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SCOTUS rules for Trump on ballot issue; CA high school students earn Google Career Certificates in high-demand fields; NY faith leaders help people address ecological grief; and a group offers abortion travel benefits for Mississippi women.

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The SCOTUS rules no state can remove a federal candidate from an election ballot saying that power rests with Congress, Super Tuesday primaries are today in sixteen states and a Colorado Court rules in the killing of Elijah McClain in police custody.

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Hard times could be ahead for rural school districts that spent federal pandemic money on teacher salaries, a former Oregon lumber community drafts a climate-action plan and West Virginians may soon buy raw milk from squeaky-clean cows.

AZ celebrates Colorado River conservation agreements

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Wednesday, November 8, 2023   

Arizona leaders are celebrating the federal government's just over $63 million investment for water conservation, efficiency and protection of the Colorado River. It is the latest move by the Biden-Harris administration to address the growing water scarcity in the Southwest.

Last week, seven Arizona water users announced their agreements to voluntarily reduce their water consumption. Together, the agreements are expected to conserve almost 163,000 acre-feet of water in Lake Mead through 2026.

Gov. Katie Hobbs said water conservation and economic growth in the state go hand-in-hand.

"Which is exactly what I have called for when saying that every water user -- in every sector, in every state -- needs to be a part of the Colorado River solution," Hobbs emphasized. "This is a major feat and a great step forward in securing our state's water future for generations to come."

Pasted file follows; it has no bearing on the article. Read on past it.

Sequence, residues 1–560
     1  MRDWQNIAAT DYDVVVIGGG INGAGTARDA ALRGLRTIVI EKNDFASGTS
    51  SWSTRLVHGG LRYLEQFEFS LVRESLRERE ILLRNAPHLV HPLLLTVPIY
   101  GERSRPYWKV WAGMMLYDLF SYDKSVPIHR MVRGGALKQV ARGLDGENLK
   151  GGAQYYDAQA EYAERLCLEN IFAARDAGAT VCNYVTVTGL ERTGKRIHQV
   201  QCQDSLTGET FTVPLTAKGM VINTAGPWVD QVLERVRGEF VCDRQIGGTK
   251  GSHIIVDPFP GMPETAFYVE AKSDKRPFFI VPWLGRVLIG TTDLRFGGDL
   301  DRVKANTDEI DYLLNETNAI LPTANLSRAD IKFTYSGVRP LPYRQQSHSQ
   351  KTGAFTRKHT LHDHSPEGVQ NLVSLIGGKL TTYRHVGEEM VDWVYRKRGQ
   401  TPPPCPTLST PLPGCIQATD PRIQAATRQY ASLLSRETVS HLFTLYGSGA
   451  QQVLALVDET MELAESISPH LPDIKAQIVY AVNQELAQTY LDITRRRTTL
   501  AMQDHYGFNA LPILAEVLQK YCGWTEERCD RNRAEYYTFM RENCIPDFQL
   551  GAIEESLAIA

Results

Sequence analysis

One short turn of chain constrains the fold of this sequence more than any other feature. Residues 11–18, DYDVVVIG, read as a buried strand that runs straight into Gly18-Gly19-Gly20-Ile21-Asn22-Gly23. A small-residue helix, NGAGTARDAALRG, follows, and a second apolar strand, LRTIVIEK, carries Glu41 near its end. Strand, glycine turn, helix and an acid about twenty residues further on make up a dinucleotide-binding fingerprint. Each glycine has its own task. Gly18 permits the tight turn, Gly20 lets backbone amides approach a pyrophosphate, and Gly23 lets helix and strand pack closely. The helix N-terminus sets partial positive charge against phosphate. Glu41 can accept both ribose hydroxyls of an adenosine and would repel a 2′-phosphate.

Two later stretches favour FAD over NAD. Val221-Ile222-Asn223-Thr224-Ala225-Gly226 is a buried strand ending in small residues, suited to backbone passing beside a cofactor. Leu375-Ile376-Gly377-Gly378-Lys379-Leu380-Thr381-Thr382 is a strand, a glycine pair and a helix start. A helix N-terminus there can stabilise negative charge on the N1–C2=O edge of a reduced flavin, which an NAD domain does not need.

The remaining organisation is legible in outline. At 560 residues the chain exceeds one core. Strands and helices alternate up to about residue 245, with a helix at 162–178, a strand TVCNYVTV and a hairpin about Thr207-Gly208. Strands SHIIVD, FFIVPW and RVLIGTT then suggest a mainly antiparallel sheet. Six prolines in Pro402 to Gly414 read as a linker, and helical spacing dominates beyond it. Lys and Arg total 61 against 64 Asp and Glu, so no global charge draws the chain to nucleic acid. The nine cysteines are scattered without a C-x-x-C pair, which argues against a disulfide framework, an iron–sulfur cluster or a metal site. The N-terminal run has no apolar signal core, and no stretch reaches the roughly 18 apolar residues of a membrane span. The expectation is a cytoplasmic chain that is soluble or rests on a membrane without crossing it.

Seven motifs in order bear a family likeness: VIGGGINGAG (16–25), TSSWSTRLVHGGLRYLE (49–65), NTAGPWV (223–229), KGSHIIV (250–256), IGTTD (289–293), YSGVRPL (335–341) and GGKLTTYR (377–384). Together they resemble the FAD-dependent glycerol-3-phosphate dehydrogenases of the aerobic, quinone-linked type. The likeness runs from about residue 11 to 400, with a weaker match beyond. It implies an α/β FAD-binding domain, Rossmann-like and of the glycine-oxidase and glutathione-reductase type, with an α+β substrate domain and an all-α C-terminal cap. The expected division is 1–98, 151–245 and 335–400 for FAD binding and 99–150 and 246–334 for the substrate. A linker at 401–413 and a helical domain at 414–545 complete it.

Hobbs noted she knew Arizona was "at a crossroads" when she took office, and one of her goals is to make Arizona's growing economy more sustainable. The new agreements build on a proposal made by the Biden-Harris administration last month to conserve at least 3 million acre-feet of Colorado River System water through 2026.

The parties to the conservation agreements include water districts, Native American tribes and one farm. In total, there are now 18 agreements in Arizona, and they commit the various water users to conserving up to almost 350,000 acre-feet of water in Lake Mead in 2023, and just shy of a million acre-feet through 2026.

Camille Touton, commissioner of the U.S. Bureau of Reclamation, said addressing the drought crisis requires an "all-hands-on deck" approach.

"The voluntary system conservation agreements demonstrate Reclamation's approach to addressing the challenges of climate change and drought through science-based innovative strategies," Touton asserted.

Touton added the Bureau is working to finalize additional agreements. Through the Bipartisan Infrastructure Law, it will be investing another $8.3 billion over five years for water infrastructure, including water purification and reuse, storage, desalination and dam safety.

References:  
Study UCLA 07/20/2023

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